Not new but new to me, the Fryette Aether sports separate preamp and power amp modules. Housing the preamp and power amplifier sections in separate chassis keeps hum and noise to nearly imperceptible levels; extends tube life by reducing power tube vibration; and minimizes certain frequency cancellations that can impact tone and sustain. It is also convenient to transport due to the weight distribution of the power amp and cabinet system. The tone controls use active tube equalization. I got to plug in inside a quiet room, and can say that playing this thing was a sinful experience. With its industrial look and a maple/mahogany logo plate custom made by Koll Guitars, the Aether is an aesthetic treat as well. All of this don’t come cheap: $4499.00.
For those that like a wet/dry rig, the AmbiKab Junior’s 16-ohm speaker input connects to the amp’s second speaker output. The Junior routes the signal to a line-level output that patches to your effects input. An Effects Send Level control enables the AmbiKab Junior to accommodate a variety of effects, from floor pedals to studio rack units. The wet signal is returned to the AmbiKab Junior’s Left/Mono and (for stereo effects) Right effects inputs. An Effects Bass Cut knob and Effects Volume knob let you shape your wet signal and mix it to taste. The amplified wet signal then drives the AmbiKab Junior’s 12-inch Celestion speaker. An Effects Kill jack admits a footswitch (not included) so you can instantly switch to an all-dry mix.
I got to hear this at Summer NAMM https://www.guitarmoderne.com/gear-2/summer-namm-2017 and it is now shipping.
I didn’t get to see this because it was over in the tech ghetto but it looks potentially interesting. The iTar claims a touch-sensitive fingerboard with an interactive LED Display, including Ableton Live Session View, and Midi-compatibility through USB or Bluetooth LE with near-zero Latency. They plan a ten-hour power supply for your smart device from a power dock. The company is positing an $800 price tag, which may be a tough sell as the similar Artiphon https://artiphon.com/ comes in at half the price, though it doesn’t have the interactive lighting.
NS Clip-free Micro Tuner
The trend towards clip-on tuners is understandable: one more place for a distortion or ambient pedal is freed up on your board. But sullying the headstock of a classic or boutique instrument still sticks in some players’ craw. The Clip-free Micro Tuner attaches directly to your instrument’s tuning machine so your tuner is always at hand and visible only to you. It features a full-color display and metronome. Of course, if you play more than one guitar a night you will need more than one, but a $34.95 retail they won’t break the bank.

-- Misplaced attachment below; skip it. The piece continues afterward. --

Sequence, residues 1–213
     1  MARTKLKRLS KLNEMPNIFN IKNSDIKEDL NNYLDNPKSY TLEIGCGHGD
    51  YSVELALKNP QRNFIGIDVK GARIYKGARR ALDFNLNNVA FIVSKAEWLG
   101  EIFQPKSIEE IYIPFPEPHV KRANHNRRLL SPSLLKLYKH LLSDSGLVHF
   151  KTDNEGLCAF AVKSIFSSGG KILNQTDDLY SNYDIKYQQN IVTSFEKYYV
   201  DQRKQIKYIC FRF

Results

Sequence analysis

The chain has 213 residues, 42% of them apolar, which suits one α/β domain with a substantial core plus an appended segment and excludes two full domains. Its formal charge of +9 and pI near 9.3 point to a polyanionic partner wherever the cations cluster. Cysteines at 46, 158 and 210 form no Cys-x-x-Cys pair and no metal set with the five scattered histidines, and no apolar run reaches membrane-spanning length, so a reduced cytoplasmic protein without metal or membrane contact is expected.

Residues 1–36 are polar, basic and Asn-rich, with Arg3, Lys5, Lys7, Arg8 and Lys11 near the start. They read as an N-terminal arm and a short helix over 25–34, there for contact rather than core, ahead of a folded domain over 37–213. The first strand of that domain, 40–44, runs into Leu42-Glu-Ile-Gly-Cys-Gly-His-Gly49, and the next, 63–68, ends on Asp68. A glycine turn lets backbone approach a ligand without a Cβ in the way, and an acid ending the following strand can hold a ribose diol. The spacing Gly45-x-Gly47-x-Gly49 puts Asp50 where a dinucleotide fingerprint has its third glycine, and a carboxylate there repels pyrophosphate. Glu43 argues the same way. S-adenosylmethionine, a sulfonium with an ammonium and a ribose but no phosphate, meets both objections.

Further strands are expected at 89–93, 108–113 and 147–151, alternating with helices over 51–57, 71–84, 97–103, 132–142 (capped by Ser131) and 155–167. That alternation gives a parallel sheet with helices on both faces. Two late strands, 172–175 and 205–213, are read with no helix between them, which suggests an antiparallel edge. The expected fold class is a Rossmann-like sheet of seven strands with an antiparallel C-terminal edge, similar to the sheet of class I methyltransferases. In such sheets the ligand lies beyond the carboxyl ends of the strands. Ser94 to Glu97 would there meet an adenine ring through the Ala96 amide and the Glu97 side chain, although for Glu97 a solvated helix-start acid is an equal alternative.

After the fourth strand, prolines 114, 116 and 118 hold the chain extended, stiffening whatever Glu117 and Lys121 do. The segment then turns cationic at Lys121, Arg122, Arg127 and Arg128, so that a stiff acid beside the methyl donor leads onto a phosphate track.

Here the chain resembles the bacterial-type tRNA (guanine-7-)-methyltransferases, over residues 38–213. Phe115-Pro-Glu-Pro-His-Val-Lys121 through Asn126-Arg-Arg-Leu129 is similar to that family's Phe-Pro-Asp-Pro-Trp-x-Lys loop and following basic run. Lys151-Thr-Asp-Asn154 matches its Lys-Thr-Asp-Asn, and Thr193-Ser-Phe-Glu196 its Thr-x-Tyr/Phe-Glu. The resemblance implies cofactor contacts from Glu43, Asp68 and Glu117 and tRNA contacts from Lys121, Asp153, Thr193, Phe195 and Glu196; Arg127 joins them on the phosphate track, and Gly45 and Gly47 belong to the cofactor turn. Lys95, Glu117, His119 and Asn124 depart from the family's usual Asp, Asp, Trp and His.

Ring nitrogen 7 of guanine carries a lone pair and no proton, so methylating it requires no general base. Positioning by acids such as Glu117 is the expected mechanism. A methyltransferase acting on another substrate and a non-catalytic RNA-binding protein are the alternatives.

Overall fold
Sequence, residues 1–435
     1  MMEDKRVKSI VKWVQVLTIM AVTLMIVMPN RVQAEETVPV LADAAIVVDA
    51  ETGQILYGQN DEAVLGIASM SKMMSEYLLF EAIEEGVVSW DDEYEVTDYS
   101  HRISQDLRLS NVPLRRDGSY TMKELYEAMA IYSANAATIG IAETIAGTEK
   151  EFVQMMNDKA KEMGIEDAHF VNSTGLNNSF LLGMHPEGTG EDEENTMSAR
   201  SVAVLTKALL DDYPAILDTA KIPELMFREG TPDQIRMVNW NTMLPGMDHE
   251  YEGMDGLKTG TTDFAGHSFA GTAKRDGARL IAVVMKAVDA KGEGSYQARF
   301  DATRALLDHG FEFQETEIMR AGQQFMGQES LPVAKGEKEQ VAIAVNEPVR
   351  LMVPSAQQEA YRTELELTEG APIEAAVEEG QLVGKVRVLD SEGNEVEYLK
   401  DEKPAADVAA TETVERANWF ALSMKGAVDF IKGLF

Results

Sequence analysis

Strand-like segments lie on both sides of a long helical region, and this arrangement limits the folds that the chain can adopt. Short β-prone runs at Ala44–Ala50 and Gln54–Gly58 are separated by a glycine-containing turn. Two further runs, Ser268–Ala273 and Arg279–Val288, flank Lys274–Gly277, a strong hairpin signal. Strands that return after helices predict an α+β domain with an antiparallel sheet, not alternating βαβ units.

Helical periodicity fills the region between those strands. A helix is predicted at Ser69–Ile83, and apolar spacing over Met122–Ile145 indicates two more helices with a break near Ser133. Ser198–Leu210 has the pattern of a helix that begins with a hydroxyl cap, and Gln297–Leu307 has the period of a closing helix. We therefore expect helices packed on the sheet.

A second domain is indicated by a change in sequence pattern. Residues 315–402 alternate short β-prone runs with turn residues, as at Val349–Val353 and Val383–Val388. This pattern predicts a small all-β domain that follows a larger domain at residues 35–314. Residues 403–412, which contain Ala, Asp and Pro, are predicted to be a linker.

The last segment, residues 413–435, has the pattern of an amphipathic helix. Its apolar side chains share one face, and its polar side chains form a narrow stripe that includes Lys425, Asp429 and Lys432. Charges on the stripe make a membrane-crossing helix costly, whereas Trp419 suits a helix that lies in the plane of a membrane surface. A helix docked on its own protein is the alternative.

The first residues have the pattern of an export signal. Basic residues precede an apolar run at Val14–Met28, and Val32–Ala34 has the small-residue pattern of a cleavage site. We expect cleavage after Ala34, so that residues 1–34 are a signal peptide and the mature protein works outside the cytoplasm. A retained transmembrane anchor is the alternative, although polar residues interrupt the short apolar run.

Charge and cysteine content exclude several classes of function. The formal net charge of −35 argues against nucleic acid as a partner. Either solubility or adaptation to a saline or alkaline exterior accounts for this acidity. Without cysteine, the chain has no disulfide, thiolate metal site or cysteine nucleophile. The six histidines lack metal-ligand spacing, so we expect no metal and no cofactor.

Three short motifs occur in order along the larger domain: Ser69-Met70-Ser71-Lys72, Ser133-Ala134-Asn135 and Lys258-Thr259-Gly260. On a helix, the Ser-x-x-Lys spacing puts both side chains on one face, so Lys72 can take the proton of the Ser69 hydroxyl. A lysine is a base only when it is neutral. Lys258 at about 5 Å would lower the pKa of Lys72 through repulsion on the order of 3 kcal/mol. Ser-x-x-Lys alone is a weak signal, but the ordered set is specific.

Like D’Addario, my New York City homies at Loknob keep coming up with brilliant solutions to real-world problems. The latest is a way to keep from accidentally shutting off a footswitch that you would rather remain on, or inadvertently toggling a switch for which you have a preferred position.
529 Power Supply
The Mission 529 is a USB power converter for effects pedals. It can power up to five pedals directly from a portable battery pack, phone charger or computer, through four isolated 150mA outputs for standard pedals, plus one 500mA output for high power devices. The standard version includes USB wall power supply, while the pro version also includes a 10,000mA low profile rechargeable lithium battery.
This foot controller has come a long way since Summer NAMM when it required some strange device attached to your foot. A fully customizable floor controller, it bodes some pretty cool possibilities. Be sure to check out the videos at Chroma Coda.
Finally NAMM wouldn’t be NAMM without:
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Thank you, Michael, for being our sherpa! I’m gonna set aside some extra time to go through all the stuff you sampled here.
whoa, if i hadn’t been home with a flu, no chance i could have digested all this cornucopia of last gear’s news!
i never went past the Frankfurt Musik Messe experience in my days, but looking at your NAMM thorough, sensible report, i’m kind of glad i never did, as there’s only as much as one my age can (be willing to) take in!
your NAMM report also creates comfort in the modesty of my available income to guitars, amps and effects purchases: for once in my life, i’m so happy i can’t afford more than what populates my pedalboard and music room.
it sure’s just me, but too many changes (and too often at that) to your gear won’t help me find my own, inner voice any sooner or easier, so while all bells and whistles attract my attention, too, i’m proud of how my sort of poverty shields me from this massive invasion of other-wordly gear.
best jewel in your report for me: a St.Vincent (hopefully) priced at Sterling’s level it’s as close as it gets to a poorman’s dream; it still doesn’t mean i can afford it, but it may be discarded by someone in a couple of years or more (and found pre-owned, with some luck, at a fraction of the original cost).
thank you for such an extended, extensive, and sensible report from NAMM: it’s like having been there, minus the headache and sore back and feet!